I keep loose running track but things like Physics and Geometry come down to "do the next lesson".    If in addition  I keep a log of books read, and life experiences, I am basically set as far as college prospects go. 

I usually don't make a formal transcript until late junior or early senior year.   For example, when my oldest w was getting ready to apply for college, we just sorted through his box of notebooks, papers and checklists.   I went through his math and science papers and developed course grades based on the scores of the individual papers.    Then I went through his checklists where he had logged books he read either for requirements or in his spare time.   The checklists plus the papers also gave me a good estimate of how much time he had spent on a course -- for example, in his freshman year he only did enough Latin to add up to about a semester credit but the following years he did close to a year's work in a year.

Once I had estimated the number of hours he had logged, I adjusted downwards, being very concerned about not puffing up his grades or credits just because I was his Mom : ).   So for example he generally did enough hours on Language and Literature to make 2 courses worth in English (since I am a literature type) but I would just fold the literature hours into either his Language Arts or History credit.   Since we did less "busywork" and more reading than the standard American high school course, I felt that the extra reading helped make up for slightly less time in the other components of a course.    A public high schooler, for example, will spend an hour per day in English class and come home with half an hour of homework;  my children did not spend that much time listening and writing out worksheets, but made up the lack in a greater quantity of reading.

Basically,  my experience with college applications was that they didn't want long booklists or detailed portfolios.  They wanted titled courses, grades, a list of extra-curricular pursuits (again, titled generally like "Violin Lessons" or "Computer Internship", and any independent verification of academic ability or experience (for example, references from adults the students had worked closely with, transcripts from outside classes, exam scores, etc).   So this made it simple to compose a transcript; though I would also have the lists, paperwork and etc ready at hand if someone DID ask for it).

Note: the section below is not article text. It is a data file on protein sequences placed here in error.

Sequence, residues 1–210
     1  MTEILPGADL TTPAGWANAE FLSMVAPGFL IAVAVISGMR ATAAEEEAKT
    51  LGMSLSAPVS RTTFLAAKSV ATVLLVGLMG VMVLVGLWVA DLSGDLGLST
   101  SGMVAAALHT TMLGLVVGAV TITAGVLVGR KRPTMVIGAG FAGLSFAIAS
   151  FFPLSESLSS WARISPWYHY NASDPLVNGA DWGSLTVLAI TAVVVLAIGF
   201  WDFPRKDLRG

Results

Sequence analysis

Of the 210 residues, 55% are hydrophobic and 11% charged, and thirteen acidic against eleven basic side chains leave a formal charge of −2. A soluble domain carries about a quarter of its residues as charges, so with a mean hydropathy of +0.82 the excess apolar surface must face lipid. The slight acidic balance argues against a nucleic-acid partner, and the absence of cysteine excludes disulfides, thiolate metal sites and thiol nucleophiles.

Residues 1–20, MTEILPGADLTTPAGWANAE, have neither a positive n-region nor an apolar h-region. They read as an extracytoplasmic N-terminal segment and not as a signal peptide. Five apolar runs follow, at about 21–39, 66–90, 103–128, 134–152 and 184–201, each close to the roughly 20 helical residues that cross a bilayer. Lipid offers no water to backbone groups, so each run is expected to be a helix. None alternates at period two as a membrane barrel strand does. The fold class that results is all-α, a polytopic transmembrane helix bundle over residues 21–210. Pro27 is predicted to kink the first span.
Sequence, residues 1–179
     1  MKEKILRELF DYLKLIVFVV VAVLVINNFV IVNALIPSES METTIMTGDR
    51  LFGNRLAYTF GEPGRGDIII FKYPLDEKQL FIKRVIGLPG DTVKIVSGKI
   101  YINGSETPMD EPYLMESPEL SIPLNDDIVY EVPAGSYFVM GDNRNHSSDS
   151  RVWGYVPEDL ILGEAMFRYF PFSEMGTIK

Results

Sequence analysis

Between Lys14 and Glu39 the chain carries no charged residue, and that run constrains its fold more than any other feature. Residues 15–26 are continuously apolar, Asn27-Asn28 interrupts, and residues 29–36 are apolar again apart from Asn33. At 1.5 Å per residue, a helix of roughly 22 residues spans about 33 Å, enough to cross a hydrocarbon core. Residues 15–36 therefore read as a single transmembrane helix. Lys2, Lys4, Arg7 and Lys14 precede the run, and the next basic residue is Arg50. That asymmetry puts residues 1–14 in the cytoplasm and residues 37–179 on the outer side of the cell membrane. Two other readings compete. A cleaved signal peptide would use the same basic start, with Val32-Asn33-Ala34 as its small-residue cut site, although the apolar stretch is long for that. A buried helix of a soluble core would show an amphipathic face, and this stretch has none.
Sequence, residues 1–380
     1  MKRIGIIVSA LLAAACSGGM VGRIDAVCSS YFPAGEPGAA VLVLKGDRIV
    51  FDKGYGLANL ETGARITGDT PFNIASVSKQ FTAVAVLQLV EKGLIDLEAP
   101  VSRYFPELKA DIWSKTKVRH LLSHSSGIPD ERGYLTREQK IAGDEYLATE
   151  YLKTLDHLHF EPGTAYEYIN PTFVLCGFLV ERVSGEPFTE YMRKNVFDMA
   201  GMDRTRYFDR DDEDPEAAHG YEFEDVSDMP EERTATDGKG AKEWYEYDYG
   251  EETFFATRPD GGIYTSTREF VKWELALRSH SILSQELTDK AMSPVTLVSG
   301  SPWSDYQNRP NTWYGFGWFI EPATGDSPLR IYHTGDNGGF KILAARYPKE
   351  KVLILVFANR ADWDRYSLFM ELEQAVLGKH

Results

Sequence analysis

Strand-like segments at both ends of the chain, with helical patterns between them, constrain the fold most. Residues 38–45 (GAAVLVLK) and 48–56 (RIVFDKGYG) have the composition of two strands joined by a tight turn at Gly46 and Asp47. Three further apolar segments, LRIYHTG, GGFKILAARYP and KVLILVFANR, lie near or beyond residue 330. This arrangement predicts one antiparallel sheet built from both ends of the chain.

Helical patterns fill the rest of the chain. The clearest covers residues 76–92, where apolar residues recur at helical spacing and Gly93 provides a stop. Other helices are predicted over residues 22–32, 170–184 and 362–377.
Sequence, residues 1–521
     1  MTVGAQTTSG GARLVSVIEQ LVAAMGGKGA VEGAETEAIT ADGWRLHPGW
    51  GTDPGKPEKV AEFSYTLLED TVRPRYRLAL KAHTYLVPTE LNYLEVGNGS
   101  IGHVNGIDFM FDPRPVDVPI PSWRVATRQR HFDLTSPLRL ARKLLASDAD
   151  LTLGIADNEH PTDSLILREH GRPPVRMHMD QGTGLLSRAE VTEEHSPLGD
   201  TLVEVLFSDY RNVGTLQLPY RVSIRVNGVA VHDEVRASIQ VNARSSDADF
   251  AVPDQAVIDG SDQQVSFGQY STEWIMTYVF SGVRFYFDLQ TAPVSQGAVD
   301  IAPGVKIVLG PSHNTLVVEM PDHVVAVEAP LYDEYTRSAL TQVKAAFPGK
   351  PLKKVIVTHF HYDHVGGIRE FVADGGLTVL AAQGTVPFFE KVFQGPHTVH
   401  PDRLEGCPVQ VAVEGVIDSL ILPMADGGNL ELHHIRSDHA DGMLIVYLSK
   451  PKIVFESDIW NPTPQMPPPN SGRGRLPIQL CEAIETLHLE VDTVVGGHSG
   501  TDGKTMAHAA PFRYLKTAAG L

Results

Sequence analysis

Here is a sample transcript from my three older high schoolers.   I generalized it to protect their privacy.

Here's a sample checklist of Sean's when he was in 8th grade (he was going to the Bryans' house for a visit, so it was a sort of streamlined version of his normal checklist, with things he could do on his own)

Here's another version of a middle school checklist/recordkeeping sheet.  This one was for a 6th grader. 

 The way our homeschooling works, we swing between more formal academics and more flexible, open-ended seasons.     When we are doing more formal stuff, I keep this kind of record; when we are being less formal, I just keep running lists or journal-type documents.  I don't have sheets for those, but if you are interested,the Learning Log on my old planning blog shows the flow of the days for two middle schoolers (Kieron and Sean)


  1. It's interesting to read about transcripts, Willa. One of my iPad apps has entries relating to credits and I had no idea what it meant but I had to enter something so I typed in 10 for everything. Looking at your example, it appears that I have genius children - they'll each be completing 140 units, this term!

    As an enthusiastic list maker, I so enjoyed reading this post:-)

    God bless, Willa:-)

  2. "To preserve the memory of those fast-fleeting years"
    I also love this part of record keeping, love looking back at what we've learnt, the paths we've taken. The American college entry system is rather different to Australia, rather daunting!